What Can You Do With a Master’s Degree in Library Science?

“The challenges and the opportunities for libraries are myriad right now, and solid leadership and management skills are essential to succeed in this profession,” says online MMLIS Program Director Christopher Stewart.

In today’s data-rich world, organizing information and conducting research is interwoven into numerous careers, but most notably in the field of library science.

While those who pursue a degree in library management and information science can expect to land positions as librarians, there are plenty of versatile, more unexpected job opportunities, including database specialists, digital asset managers and more.

Plus, the industry continues to expand and diversify: Employment is expected to grow by 9 percent in the next decade, and for 2020, the median salary exceeded $60,000, according to the U.S. Bureau of Labor Statistics.

To develop a deeper understanding of library and information science (LIS) and the career paths offered in the field, we spoke with Christopher Stewart, associate professor of clinical management and organization at the USC Marshall School of Business and program director of USC’s online Master of Management in Library and Information Science (MMLIS).

What is Library Science?

What exactly does it mean to study library science? According to Stewart, “Library science is the study of the practice of information work in library settings, but also in the information professions.”

Aside from classifying data, graduates of the MMLIS program will be equipped to manage books and other forms of information, emphasizing an overall preservation of knowledge.

Although many positions are available in libraries themselves, students can find opportunities at academic institutions, corporations, entertainment studios and a wide array of information centers.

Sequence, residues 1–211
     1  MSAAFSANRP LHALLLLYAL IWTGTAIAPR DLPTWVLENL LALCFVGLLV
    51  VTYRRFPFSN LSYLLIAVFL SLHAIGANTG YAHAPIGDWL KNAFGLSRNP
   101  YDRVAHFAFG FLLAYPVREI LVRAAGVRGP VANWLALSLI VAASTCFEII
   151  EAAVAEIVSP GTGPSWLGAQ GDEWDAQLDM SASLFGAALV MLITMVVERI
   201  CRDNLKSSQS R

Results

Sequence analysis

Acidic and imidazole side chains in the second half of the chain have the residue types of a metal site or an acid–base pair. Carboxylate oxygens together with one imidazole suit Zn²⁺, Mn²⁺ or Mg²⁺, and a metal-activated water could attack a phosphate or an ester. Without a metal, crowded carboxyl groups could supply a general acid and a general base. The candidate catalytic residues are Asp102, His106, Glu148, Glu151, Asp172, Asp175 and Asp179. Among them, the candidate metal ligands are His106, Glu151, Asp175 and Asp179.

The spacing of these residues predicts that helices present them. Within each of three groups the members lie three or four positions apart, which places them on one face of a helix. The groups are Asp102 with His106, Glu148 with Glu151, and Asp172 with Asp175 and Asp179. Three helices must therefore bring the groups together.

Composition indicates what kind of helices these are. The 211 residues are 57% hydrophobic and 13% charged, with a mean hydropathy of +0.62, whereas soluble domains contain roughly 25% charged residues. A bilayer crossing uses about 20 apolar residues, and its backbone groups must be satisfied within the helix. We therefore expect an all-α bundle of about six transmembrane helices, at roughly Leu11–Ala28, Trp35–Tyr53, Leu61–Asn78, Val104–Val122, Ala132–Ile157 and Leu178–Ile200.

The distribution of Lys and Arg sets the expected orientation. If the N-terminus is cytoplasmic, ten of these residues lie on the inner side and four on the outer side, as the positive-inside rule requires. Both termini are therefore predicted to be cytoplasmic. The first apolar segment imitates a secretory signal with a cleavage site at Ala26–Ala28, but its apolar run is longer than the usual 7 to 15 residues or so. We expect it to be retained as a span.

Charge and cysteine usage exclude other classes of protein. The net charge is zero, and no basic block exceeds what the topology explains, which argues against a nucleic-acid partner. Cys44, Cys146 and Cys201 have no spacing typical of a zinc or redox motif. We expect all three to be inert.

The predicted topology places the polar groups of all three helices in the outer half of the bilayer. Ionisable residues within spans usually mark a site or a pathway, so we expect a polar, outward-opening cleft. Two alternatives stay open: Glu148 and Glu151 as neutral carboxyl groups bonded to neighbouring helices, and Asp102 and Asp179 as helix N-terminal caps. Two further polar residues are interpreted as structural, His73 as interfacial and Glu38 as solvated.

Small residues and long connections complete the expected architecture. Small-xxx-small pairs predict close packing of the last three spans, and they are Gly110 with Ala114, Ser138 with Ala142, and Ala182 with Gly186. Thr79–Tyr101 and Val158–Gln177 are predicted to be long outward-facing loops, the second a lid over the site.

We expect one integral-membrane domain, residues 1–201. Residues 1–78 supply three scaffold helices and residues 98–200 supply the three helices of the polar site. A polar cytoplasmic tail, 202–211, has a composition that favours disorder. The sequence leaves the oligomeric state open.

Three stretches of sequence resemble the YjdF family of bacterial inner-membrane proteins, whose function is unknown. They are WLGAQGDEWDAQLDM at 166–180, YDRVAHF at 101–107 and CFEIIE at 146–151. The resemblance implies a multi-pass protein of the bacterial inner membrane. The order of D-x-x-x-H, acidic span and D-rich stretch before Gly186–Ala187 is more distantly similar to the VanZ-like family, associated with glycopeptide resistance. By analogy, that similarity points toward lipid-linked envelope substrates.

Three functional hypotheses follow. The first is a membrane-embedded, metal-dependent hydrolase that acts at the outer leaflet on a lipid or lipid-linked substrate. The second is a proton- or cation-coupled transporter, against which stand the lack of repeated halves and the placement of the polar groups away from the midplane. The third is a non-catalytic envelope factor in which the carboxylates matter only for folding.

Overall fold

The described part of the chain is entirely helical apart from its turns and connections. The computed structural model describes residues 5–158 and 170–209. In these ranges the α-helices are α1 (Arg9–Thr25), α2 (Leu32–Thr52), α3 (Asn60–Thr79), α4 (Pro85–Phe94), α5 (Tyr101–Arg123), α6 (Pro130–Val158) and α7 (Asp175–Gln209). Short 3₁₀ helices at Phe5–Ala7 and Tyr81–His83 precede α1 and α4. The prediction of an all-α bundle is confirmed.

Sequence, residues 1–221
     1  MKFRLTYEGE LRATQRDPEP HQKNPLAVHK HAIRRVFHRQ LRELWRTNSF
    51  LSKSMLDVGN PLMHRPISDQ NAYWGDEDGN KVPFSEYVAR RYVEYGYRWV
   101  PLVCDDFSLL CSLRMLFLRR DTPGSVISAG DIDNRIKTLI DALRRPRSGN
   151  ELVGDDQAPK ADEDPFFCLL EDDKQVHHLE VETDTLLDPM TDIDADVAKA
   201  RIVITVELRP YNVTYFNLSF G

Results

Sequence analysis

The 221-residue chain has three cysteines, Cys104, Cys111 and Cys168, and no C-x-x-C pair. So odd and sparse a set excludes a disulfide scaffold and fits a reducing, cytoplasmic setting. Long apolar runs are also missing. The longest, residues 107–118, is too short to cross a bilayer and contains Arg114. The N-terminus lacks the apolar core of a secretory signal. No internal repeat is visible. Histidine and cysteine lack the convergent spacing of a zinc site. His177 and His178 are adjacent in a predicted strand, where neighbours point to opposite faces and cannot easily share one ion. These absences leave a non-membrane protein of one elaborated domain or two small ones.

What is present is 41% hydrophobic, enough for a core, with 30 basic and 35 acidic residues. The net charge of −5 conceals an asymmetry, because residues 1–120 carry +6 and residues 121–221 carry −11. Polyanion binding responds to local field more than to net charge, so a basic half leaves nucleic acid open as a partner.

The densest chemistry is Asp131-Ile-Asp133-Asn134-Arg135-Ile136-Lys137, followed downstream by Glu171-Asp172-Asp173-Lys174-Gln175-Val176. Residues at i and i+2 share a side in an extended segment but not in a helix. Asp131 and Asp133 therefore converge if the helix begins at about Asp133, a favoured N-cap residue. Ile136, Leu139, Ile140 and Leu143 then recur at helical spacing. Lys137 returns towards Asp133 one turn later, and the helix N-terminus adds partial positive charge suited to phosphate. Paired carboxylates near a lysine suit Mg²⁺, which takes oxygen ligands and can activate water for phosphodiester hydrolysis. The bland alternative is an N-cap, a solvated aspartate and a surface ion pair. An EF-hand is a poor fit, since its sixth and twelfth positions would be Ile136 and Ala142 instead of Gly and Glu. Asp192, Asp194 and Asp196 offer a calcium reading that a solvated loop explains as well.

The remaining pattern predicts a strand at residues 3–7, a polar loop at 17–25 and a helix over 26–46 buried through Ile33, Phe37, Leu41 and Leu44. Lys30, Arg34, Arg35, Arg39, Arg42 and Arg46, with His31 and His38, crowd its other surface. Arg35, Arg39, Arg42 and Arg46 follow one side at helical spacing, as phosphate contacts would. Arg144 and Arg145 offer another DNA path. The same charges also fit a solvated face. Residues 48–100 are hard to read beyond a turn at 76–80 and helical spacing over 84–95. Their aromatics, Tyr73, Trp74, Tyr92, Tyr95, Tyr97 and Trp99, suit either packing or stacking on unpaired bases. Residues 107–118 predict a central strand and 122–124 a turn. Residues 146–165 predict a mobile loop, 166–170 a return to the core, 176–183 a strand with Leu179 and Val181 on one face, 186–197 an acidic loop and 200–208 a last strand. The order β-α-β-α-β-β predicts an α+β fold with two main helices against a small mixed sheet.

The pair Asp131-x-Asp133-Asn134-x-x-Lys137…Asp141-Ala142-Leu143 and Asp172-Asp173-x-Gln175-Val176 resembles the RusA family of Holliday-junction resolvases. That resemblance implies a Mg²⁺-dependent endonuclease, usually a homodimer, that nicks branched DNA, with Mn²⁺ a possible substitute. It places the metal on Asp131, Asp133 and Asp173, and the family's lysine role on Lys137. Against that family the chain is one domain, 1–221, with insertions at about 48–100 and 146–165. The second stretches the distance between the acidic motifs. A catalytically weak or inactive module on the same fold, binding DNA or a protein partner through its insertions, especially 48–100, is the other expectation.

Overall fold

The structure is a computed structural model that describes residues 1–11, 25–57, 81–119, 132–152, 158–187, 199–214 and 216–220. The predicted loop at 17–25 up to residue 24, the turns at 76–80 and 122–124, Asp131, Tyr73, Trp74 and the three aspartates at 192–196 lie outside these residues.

“What they all have in common is they’re all information professionals. So, library science trains you to manage information curation, information organization and information management. But it also prepares you for working in various institutions and companies,” Stewart told USC Online. “Yes, sometimes and often those are libraries — public libraries, academic libraries, school libraries, corporate libraries. But again, there are other parts of the information field that the graduate degree prepares you for as well.”

And of course, most people are drawn to the specialization by the books: “We love libraries, and we are librarians. I am a librarian. I’m married to a librarian,” Stewart laughed.

What Can You Expect from the Master of Management in Library and Information Science Program at USC?

To get a job in most library and information science spheres, an MLIS degree is required. The online MMLIS, an American Library Association-accredited program from USC Marshall, is an exceptional option to consider.

“We have a special focus in our program — leadership and management — that differentiates us from other library programs … We’re the only MMLIS program that’s home is in a top-ranked business school,” Stewart explained.

Faced with rapid technological shifts, libraries have had to advance dramatically, and the MMLIS program is designed to meet the needs of this ever-changing profession, according to Stewart.

“Librarians have to be trained in core management and leadership skills as part of their professional preparation. We know that our graduate librarians, whatever environment they’re going to be working in, wherever they are in their career, are going to be successful,” he said.

The MMLIS curriculum is varied and blended and includes courses such as “Marketing Management,” “Accounting Concepts and Financial Reporting,” “Independent Research in Library and Information Management,” and more.